BY RICH GALEN | OCT 9, 2019
As I may have mentioned to you, I think the House – run by Democrats – is doing this impeachment process all wrong.
In the House if the Ds have one more vote than the Rs (or the reverse) then the Ds get to do pretty much whatever they want within the established House Rules. That includes taking a bill or resolution to the Floor. I get one more vote than you; I win.
It is the same in the Senate at the Committee level, but as you know very well, the current filibuster rules require 60 votes to proceed on most bills and resolution.
Next time you hear someone complain about the 60 vote rule, remember how Democrats are treating Republicans in the House without a filibuster rule.
The Constitution of the United States says that a President (or any other officer of the Executive Branch) can be impeached by the House of Representatives.
The Constitution doesn’t speak to the process by which the House will do it.
Although the White House sent a letter to Speaker Nancy Pelosi saying the President would not cooperate without a vote by the full House to proceed, the is no Constitutional requirement that the House do that.
But, not having put it to a vote at the outset (which Democrats would have won because … they have about 38 more votes than the Republicans) doesn’t sound like a good government way to go.
Now, it’s too late. It would look like the House Dems were caving to the demands of the White House which ain’t gonna happen.
The letter, signed by White House Counsel Pat Cipolloni demands, in part:
To comply with the Constitution’s demands, appropriate procedures would include-at a minimum-the right to see all evidence, to present evidence, to call witnesses, to have counsel present at all hearings, to cross-examine all witnesses, to make objections relating to the examination of witnesses or the admissibility of testimony and evidence, and to respond to evidence and testimony.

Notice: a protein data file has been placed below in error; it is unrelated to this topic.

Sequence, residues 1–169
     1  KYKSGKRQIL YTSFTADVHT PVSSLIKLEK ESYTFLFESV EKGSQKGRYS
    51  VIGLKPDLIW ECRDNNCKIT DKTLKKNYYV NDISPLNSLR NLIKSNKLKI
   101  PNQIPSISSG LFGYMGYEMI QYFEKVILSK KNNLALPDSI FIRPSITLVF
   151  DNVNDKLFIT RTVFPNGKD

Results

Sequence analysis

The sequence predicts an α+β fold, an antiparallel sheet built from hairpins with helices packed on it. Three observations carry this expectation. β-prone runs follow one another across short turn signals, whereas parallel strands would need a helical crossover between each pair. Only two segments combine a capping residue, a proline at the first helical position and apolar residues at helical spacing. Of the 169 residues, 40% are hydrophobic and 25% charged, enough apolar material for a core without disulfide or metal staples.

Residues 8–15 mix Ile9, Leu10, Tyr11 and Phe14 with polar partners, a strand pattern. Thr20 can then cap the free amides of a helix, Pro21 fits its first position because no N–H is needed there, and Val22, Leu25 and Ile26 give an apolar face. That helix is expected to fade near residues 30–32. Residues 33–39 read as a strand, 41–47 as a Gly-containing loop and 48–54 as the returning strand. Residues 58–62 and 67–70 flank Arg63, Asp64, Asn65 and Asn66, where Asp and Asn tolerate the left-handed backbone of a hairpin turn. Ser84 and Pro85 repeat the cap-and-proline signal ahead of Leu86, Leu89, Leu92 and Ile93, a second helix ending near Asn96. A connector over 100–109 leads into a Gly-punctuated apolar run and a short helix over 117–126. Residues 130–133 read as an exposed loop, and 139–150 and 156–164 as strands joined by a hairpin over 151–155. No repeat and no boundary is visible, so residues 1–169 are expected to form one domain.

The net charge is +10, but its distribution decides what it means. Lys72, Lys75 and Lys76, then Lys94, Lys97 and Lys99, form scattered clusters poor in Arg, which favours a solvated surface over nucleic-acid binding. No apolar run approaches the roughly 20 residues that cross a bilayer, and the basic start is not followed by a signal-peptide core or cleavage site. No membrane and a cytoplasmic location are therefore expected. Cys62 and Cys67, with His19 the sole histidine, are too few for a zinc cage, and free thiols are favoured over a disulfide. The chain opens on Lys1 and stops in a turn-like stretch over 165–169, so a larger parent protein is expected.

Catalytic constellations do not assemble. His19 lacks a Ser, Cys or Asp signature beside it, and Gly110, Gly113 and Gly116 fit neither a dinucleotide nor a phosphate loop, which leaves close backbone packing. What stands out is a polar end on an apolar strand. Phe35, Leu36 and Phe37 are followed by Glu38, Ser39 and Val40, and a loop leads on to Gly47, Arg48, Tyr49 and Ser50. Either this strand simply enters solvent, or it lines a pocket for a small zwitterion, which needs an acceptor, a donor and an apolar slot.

Likewise, the Committees must provide for the disclosure of all evidence favorable to the President and all evidence bearing on the credibility of witnesses called to testify in the inquiry.
All true in a criminal court, not relevant in an impeachment proceeding.
Again, the House has broad discretion in how it goes about impeaching someone, but in an impeachment case that is based on the INdiscretions of Donald Trump it would seem to make sense to err on the side of good government.
I understand why Pelosi didn’t want to hold a vote. She didn’t want to make the 35 or so Democrats who have to run in districts carried by Donald Trump to have to defend that vote next year.
Again, not exactly a good government position.
There are some who argue that a Floor vote would give Republicans subpoena power to call witnesses (assumedly) favorable to the President.
If the Democrats’ case can’t stand up to hearing from pro-Trump witnesses, then maybe their case needs some shoring up.
In fact, the focus of the Democrats’ building their case should be to make it strong enough to attract Republican support.
Having a process which excludes Republicans – even Republicans like Jim Jordan (R-Oh) whose signature look is showing up in shirt and tie, but no jacket – also doesn’t strike me as a good government position.
The Congressional Republicans are in a corner. Trump has admitted to saying on the phone call with the Ukrainian President “I would like you to do us a favor though” right after President Zelenskyy asked for military aid to help keep Vladimir Putin’s army at bay.
So, that’s not at issue.
Then, during one of his daily gaggles on the South Lawn of the White House, Trump got off on a riff asking the Chinese to investigate the Bidens as well.
Republicans tried to laugh that off as Trump making a joke, but it didn’t look like he was kidding to me as I watched it.
Republicans are trying desperately to throw so much political chaff in front of voters that they will forget that this isn’t about whether Joe and Hunter Biden did anything wrong; it’s about whether Donald Trump did anything wrong.
House Democrats should take a step back and see whether, if they were in the minority and a Democrat President were in the dock, they would see this as a procedure grounded in good government principles.
Editor’s Note: Rich Galen is former communications director for House Speaker Newt Gingrich and Senator Dan Quayle. In 2003-2004, he did a six-month tour of duty in Iraq at the request of the White House engaging in public affairs with the Department of Defense. He also served as executive director of GOPAC and served in the private sector with Electronic Data Systems. Rich is a frequent lecturer and appears often as a political expert on ABC, CNN, Fox and other news outlets.